A new book compiles the stories and images of some of Martha’s Vineyard’s most vibrant artists.
By Juliet Pennington
Martha’s Vineyard has it all: beautiful beaches, picturesque landscapes, amazing sunsets, quaint and funky towns, and an impressive culinary scene. One lesser-known facet is its sense of community, which is the theme running through the beautifully written Vineyard Folk, by Tamara Weiss and Amanda Benchley, featuring stunning photographs by Elizabeth Cecil.
The local creative scene comes to life in the new release as the authors delve into artists’ lives to discover why they call this 87.5-square-mile isle off the coast of Cape Cod home. More than 30 artists, ranging from painters and jewelry makers to musicians and actors, are featured in Vineyard Folk, and, the authors say, with so much talent on the island, limiting the list was no easy feat.
“We thought it was important to include a variety of creative people who are from different parts of the island—from Chappaquiddick to Aquinnah—and ensure that the book feels inclusive and diverse,” says Weiss, who has called the island home for nearly 30 years. “There’s a lot of talent on this island, a lot of talented people in this book.”
Benchley, who lives in New York City and has been spending her summers with her partner on Martha’s Vineyard since 2018, met Weiss through a mutual writer friend and soon connected with many of Weiss’s island cohort.
Benchley was previously married to the son of Peter Benchley, who wrote the blockbuster novel Jaws, the movie adaptation of which was filmed on the island. During her 20-year marriage Benchley vacationed in the Hamptons, so discovering all the pockets of creativity on Martha’s Vineyard was “very eye-opening and exciting,” she says.
The successful journalist and author was so impressed by the people in the island’s arts community that she suggested to Weiss they write a book about them.
Together, the writing pair grew excited with the idea of letting the rest of the world know about the unique community of artists and creatives who live on the Vineyard. “But at the same time, we felt it was important that we point out some of the challenges of being here,” says Weiss.”
While the 270-plus page book is an enthusiastic celebration of art and creativity, another thread runs through its pages: the reality of housing insecurity faced by many of the artists who call Martha’s Vineyard home. It was important to Weiss and Benchley to also convey the fact that the next generation of talent on Martha’s Vineyard may feel compelled to leave the island because of housing insecurity.
“There’s something called ‘the Vineyard shuffle’ and it’s done here all the time, where people move from a summer place to a winter place to a spring place,” Weiss says. “There was one woman we interviewed, Flavia [Gaeta], a Brazilian DJ, who asked us to meet her at the West Tisbury Library because she didn’t have a place where we could go and interview and photograph her.”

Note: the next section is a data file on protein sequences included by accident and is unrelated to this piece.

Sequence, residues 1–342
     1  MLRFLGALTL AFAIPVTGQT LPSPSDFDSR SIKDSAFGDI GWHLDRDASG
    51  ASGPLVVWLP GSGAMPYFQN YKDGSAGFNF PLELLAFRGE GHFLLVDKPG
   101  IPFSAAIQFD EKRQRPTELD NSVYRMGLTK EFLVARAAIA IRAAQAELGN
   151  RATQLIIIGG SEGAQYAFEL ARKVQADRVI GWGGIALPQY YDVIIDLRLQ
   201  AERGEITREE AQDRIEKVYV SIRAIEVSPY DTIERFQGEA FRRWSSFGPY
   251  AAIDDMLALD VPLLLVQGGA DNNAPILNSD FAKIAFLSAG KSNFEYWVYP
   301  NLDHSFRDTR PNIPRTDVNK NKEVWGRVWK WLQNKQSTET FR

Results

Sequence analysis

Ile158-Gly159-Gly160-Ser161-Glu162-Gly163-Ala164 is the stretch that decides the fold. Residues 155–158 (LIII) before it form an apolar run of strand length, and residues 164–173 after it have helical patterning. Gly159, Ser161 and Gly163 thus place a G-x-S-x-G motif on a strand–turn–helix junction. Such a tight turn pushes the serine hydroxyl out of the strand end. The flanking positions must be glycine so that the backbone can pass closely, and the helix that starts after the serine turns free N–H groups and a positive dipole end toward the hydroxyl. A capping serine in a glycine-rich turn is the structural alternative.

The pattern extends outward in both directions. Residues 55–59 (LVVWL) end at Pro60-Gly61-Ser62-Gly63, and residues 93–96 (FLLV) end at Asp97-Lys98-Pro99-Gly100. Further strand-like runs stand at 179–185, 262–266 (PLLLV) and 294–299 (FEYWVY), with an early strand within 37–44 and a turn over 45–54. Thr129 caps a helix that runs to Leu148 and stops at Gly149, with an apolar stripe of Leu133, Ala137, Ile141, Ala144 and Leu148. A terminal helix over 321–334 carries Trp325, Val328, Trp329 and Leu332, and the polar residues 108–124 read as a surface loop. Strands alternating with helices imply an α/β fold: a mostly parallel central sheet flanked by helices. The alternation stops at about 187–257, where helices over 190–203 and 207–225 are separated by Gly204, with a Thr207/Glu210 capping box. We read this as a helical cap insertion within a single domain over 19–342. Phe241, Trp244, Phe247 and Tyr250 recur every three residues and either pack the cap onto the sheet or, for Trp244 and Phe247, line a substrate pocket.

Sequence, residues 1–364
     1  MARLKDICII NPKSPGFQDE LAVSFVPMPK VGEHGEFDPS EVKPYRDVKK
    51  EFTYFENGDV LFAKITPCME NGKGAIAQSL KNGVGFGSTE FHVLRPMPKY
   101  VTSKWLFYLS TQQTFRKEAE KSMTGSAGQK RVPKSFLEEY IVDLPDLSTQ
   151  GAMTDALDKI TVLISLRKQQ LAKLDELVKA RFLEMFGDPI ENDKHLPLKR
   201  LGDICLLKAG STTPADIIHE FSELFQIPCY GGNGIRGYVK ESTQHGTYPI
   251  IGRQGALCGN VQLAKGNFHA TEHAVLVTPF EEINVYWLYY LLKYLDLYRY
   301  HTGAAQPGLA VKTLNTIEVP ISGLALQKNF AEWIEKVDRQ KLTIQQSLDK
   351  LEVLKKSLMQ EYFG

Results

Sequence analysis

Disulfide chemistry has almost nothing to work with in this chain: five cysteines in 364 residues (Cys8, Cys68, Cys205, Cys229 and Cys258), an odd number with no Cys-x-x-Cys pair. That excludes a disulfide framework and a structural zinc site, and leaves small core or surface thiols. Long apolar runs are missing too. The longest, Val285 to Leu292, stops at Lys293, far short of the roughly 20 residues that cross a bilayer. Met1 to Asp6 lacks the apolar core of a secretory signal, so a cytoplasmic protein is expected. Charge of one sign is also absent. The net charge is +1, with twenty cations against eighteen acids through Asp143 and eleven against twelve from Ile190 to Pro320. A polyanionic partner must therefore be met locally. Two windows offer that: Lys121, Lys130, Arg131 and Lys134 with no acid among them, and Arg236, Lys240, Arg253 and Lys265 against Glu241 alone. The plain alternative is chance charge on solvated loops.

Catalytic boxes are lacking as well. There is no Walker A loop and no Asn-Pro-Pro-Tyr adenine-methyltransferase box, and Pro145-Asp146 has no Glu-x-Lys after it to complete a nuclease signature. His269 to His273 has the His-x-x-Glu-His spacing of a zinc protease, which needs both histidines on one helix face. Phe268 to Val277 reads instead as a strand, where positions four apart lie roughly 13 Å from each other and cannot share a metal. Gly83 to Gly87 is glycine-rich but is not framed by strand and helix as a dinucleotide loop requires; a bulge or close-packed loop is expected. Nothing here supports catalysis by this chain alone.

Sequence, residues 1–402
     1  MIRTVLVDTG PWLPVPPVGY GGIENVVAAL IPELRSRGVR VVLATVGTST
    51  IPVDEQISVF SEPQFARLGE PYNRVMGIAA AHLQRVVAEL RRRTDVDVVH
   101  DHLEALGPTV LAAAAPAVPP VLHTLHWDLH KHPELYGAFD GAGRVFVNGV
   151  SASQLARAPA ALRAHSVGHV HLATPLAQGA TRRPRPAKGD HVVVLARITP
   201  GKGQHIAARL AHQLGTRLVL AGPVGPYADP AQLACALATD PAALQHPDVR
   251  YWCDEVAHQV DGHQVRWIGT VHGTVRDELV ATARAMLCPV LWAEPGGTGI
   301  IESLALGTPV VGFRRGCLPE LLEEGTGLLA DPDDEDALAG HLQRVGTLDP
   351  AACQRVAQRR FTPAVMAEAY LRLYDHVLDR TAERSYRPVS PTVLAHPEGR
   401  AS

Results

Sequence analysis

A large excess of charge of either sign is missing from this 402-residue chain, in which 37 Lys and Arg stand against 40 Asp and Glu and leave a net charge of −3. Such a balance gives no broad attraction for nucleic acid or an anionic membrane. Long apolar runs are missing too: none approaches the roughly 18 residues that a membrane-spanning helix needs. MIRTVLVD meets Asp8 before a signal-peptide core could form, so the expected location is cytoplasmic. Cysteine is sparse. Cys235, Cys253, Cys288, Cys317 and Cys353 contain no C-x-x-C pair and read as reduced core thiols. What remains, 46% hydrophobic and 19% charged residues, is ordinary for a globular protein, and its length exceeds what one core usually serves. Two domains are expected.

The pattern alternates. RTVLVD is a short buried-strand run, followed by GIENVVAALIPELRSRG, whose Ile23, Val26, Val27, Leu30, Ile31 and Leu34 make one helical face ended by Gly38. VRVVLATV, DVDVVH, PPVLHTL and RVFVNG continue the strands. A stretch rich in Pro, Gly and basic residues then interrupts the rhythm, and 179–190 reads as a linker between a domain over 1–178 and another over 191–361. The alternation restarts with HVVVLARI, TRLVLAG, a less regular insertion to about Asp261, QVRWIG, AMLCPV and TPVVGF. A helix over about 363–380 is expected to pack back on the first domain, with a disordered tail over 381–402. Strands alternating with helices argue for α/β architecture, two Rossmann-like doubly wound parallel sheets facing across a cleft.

Jewelry designer Nettie Kent and painter Colin Ruel, parents of two young children, each grew up on the island and have been moving from rental to rental—and even living in a yurt at one point—since they cannot afford to buy a home on the Vineyard, where the median house cost is $1.64 million.
“It is very difficult for many of the young people—even if they were born on Martha’s Vineyard—to remain here,” adds Weiss, noting optimistically that there is a lot of energy going into finding solutions. “Everyone recognizes the difficulties of living here year-round. Maybe things will change.”
Benchley says that the more she learned about the island’s creative core, the more she realized why artists do whatever they have to do to stay. “It underscores the point of what Martha’s Vineyard is,” she says. “The artists here are so welcoming to other artists and there is such a ’70s Bohemian spirit.”
Many of those featured in Vineyard Folk also reference the draw of nature on the island, and how they find inspiration and solace in the ocean landscape. “But this island is changing drastically because of the climate crisis,” Weiss cautions. “Beachfronts and vistas that have been painted for years no longer look the same.”
One of the most well-received sections of the book—which has a foreword by Carly Simon, whose son, Ben, also a musician, is featured in the pages—is the chapter where Weiss and Benchley ask the subjects where on the island they go to “tune in or tune out.”
“Everybody has a place, and their answers were so thoughtful,” says Benchley. For artist Margot Datz, her outdoor bathtub is her go-to spot. “My bathtub is my church,” reads one of Datz’s quotes in the book. “I watch these trees grow; they are so high. They tell me time is moving on.”
For film and TV writer, director, and producer Brad Silberling, it’s working on his laptop at a picnic table outside of the Texaco gas station in Menemsha that gets his creative juices flowing. “People come and say hello and get gas or a cup of coffee,” he says in the book. “I love writing there.”
“What it really comes down to is that the people here are just very fantastic,” says Weiss. “That’s why I’m here,” she adds. “It’s a funky kind of magic Martha’s Vineyard.”
For her part, Benchley continues to understand how her adopted island has such a mystical allure. “What is it about this place?” she asks “Why is it such a muse?” The answer for both authors of Vineyard Folk is the creative community that flourishes here.